IMAGE 2: The East-West Oil Pipeline
IMAGE 2: The East-West Oil Pipeline

The East-West Intercontinental Oil Pipeline (EWIOP) will require comparable, or even greater, amounts of energy for the pump motors than the U.S. pipeline described above. To move the estimated requirement of 200,000 barrels of oil per hour will require approximately 100 booster stations, with 12 pumps per station and each pump rated at 5,000 hp (3,700 kilowatts [kW]). The total pipeline power demand for these motors is 100 x 12 x 3700 = 4.4 gigawatts (GW) of energy.

A new idea has been proposed to produce the required energy. The idea will also provide an effective solution to another pressing issue in the region—water scarcity. The “Red Sea-Dead Sea Water Conveyance Concept” is a feasibility study and environmental and social assessment financed by the World Bank that has been underway since 2007. Nearly 2,000 million cubic meters of water annually could move along the 400 meter (m) drop from the Red Sea to the Dead Sea. The potential hydraulic power of these 1 million gallons per minute (gpm) at 400 m (1,300 ft) equates to:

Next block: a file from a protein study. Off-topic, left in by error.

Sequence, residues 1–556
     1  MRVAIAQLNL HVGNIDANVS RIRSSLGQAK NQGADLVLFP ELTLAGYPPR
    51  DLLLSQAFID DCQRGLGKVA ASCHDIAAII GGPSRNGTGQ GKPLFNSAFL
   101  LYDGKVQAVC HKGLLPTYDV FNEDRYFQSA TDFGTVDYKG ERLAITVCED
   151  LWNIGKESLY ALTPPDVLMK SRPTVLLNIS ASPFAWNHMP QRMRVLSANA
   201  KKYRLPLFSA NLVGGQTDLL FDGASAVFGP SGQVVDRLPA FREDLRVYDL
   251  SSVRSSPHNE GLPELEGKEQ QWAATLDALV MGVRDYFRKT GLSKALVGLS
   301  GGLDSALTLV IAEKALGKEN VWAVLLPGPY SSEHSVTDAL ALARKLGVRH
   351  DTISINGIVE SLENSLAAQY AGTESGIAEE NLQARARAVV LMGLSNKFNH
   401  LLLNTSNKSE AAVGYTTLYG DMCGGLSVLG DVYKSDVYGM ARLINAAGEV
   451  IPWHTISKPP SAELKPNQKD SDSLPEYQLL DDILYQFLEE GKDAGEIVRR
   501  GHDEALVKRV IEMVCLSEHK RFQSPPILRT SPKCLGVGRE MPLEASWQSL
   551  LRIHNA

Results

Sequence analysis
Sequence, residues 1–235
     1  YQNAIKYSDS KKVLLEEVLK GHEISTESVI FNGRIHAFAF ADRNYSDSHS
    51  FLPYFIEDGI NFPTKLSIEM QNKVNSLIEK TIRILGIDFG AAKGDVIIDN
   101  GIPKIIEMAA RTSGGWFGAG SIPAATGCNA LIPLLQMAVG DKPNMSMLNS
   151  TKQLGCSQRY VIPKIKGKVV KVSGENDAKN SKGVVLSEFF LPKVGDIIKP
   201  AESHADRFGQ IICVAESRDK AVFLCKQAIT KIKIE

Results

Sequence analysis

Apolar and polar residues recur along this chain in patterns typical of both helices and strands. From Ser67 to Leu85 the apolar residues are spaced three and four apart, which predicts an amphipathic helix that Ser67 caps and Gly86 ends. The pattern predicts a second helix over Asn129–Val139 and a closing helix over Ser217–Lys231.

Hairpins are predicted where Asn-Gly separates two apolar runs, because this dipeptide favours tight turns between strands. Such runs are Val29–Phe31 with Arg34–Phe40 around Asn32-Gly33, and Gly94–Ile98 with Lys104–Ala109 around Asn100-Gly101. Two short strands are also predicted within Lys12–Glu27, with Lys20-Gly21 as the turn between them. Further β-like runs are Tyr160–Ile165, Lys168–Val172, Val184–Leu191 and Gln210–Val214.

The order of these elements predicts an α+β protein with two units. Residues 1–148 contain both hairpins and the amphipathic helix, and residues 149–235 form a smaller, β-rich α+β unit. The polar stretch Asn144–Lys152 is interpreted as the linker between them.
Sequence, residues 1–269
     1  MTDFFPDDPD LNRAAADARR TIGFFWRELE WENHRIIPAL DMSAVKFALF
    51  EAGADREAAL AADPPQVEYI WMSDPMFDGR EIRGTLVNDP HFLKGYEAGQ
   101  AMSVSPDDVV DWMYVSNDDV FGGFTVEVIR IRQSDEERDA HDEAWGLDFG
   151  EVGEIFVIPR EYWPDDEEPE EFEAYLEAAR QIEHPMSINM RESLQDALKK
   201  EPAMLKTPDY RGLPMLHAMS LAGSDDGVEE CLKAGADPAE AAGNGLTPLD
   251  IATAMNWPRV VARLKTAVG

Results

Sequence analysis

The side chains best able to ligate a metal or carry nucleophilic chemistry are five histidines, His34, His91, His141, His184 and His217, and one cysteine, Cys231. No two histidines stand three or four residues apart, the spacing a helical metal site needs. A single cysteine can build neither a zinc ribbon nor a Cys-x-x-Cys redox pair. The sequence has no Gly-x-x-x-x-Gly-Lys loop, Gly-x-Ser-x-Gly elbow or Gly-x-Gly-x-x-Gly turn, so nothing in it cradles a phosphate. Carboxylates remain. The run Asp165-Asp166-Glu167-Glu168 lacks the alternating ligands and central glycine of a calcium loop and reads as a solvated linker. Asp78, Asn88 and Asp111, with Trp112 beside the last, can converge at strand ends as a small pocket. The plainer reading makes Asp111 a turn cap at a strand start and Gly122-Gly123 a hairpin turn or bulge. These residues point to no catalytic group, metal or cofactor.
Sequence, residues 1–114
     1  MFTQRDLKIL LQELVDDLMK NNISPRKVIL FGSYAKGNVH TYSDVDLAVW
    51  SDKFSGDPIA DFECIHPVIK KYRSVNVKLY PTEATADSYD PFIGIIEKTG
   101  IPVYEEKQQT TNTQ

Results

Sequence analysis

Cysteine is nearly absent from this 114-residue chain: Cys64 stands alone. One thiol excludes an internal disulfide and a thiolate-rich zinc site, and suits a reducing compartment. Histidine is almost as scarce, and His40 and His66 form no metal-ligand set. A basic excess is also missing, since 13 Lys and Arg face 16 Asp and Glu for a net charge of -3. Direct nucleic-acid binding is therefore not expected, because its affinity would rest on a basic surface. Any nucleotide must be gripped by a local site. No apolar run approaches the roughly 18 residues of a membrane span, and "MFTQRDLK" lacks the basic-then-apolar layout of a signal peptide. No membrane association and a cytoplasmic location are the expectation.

Equation 1

Despite the tremendous power levels involved, the size of the canal (or pipeline) connecting the Red Sea to the Dead Sea is relatively small. With water velocity at an estimated 3 feet per second (ft/s), the area of the canal required can be calculated from the basic formula:

Equation 2

The project, initially conceived as a way to stop the drop in water level in the Dead Sea, has expanded into its present initiative related to the oil pipeline. Current negotiations are now underway in Cyprus and are promising to have a long-reaching positive political development. Present sponsors include France, Greece, Japan, Netherlands, United States and the countries along the EWIOP route.